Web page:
Create a User Interface with React’s JSX syntax

Kent C. Dodds
InstructorKent C. Dodds

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Published 2 years ago
Updated 10 months ago

It’s awesome that we can interact directly with React’s createElement API to create React elements and then hand those off to React DOM to get them to show up on the screen. But it’s not the most ergonomic API to write our UI code in. It’s hard to track when one element starts and the next one ends.

This is why the React team came up with JSX. It’s an extension to the JavaScript language to support syntax that looks similar to the HTML that you would write to create these DOM elements (there are a handful of differences). JSX gives us an expressive syntax for representing our UI, without losing the benefits and powers of writing our UI in JavaScript. The best way to take advantage of this is to learn how JSX is compiled to regular JavaScript calls, so we’ll look into that a bit as well.

Kent C. Dodds: [0:00] Using React to create elements in this way works out just fine, but it's not entirely ergonomic. It's not the way that most of the community creates React elements. Most of the community is using JSX, which is an HTML-like syntax in our JavaScript.

[0:16] If I were to create this same React element using JSX, I would make it like this. We'll say element is a div. Our children are Hello World. Then we had a className, which is a prop. That'll go as an attribute on our div here, with className={'container').

[0:34] If we save that, we'll get a refresh. We'll get a white screen here. That's because we have a syntax error in our JavaScript. That's because this is not JavaScript code. This is JSX. The browser does not understand this natively. It needs to be compiled from this to something that the browser can understand. That's where Babel comes in.

[0:54] Babel is a JavaScript compiler supporting the next generation of JavaScript as well as non-standard features like JSX. If we go to this Try It Out page and then go over here and copy our code and paste it in here, then we'll see that our code is being compiled to something that's very familiar to us.

[1:13] React.createElement. The type is div. Here are the props, className is container, then all of the children come hereafter. I would recommend that you spend some time playing around in this tool. Understanding how JSX is compiled will make you more effective at using JSX.

[1:29] In a typical application, you're going to be using a tool that will use Babel to compile JSX to JavaScript for you. For our purposes, we're going to use Babel in the browser to get this compiling our JavaScript right here without having to install any other tools.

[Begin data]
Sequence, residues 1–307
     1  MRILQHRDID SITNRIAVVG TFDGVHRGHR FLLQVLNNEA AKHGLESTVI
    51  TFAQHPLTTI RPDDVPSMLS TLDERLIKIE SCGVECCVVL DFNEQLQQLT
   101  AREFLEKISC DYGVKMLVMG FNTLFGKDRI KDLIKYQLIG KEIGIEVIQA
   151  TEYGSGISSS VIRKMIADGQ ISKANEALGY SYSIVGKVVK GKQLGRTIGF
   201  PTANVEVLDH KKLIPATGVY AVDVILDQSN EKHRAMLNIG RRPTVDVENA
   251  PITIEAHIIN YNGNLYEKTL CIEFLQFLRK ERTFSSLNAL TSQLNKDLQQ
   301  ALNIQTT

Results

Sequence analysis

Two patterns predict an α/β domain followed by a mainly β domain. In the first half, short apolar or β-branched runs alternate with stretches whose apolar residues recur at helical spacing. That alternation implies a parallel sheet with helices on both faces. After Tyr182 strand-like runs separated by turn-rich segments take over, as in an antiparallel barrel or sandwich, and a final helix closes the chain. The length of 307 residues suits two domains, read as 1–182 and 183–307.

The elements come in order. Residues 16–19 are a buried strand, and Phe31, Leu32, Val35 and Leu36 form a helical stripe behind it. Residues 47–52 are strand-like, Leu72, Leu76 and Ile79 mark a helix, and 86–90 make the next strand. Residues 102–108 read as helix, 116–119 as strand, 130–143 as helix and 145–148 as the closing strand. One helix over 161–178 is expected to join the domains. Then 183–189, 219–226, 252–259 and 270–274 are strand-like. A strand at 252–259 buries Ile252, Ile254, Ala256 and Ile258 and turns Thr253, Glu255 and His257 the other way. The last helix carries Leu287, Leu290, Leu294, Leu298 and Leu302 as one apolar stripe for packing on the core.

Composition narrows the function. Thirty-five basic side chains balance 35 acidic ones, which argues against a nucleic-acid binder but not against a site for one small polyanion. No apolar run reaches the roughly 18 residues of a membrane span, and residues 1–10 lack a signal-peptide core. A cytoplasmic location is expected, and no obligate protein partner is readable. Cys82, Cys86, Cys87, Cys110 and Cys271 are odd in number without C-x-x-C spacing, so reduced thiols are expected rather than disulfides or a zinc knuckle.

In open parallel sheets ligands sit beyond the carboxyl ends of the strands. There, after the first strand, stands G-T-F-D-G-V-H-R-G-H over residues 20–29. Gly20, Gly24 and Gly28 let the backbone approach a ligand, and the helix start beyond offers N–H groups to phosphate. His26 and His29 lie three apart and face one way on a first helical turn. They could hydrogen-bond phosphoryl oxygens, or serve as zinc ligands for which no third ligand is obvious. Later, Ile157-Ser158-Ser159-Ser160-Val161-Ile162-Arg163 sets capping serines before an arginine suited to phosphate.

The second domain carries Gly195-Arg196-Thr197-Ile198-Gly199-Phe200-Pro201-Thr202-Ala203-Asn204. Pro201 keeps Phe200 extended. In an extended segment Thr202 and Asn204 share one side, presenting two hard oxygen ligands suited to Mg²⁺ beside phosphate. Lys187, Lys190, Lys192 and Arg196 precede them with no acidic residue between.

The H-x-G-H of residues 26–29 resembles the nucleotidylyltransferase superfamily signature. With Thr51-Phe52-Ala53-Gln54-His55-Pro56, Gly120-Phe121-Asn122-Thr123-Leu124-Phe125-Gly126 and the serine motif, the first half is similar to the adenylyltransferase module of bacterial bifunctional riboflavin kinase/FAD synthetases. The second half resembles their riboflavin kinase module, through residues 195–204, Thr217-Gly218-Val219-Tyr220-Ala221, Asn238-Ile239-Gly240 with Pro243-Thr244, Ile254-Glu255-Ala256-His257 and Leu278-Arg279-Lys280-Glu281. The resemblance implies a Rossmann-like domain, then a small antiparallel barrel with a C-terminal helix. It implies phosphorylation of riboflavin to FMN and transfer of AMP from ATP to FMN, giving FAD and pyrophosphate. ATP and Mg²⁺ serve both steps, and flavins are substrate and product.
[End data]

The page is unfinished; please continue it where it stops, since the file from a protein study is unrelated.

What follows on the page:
[1:44] I'm going to add a script tag here to include Babel standalone. That will compile any script tag that has the type of text/babel. Then it will create a new script tag with the compiled code with the type as text/JavaScript so that the browser can evaluate it.

[2:00] With that, if I save this, we'll get Babel downloaded. It will compile our JavaScript and allow the browser to evaluate it so we can use JSX in the browser. We'll also get this warning that we're using the in-browser Babel transformer, which is not something that you'd want to do in production, but it makes it easy for us to iterate quickly right here in this index.html file.

[2:20] If we take a look at the elements, we're going to see the code that we wrote in this text/babel script. Then if we go to the head, we'll see a new script tag in here which is the compiled version of our code.

[2:31] In review, what we wanted to do here was make it so that we can author our UI without using the React createElement API and instead use JSX, which is an HTML-like syntax for authoring UI.

[2:44] To do this, we need a compiler like Babel. We installed Babel standalone, which will compile our code on the fly in the browser. We also had to update our type to text/babel. Babel will look for all scripts that have that type, compile the code that's inside them, and insert a new script that has the compiled code so the browser can evaluate it.

[3:05] In a typical application, you will not be using Babel standalone. Instead, you'll be using another tool which probably is using Babel to compile your code. That way, you get a much more friendly syntax for authoring your UI with React.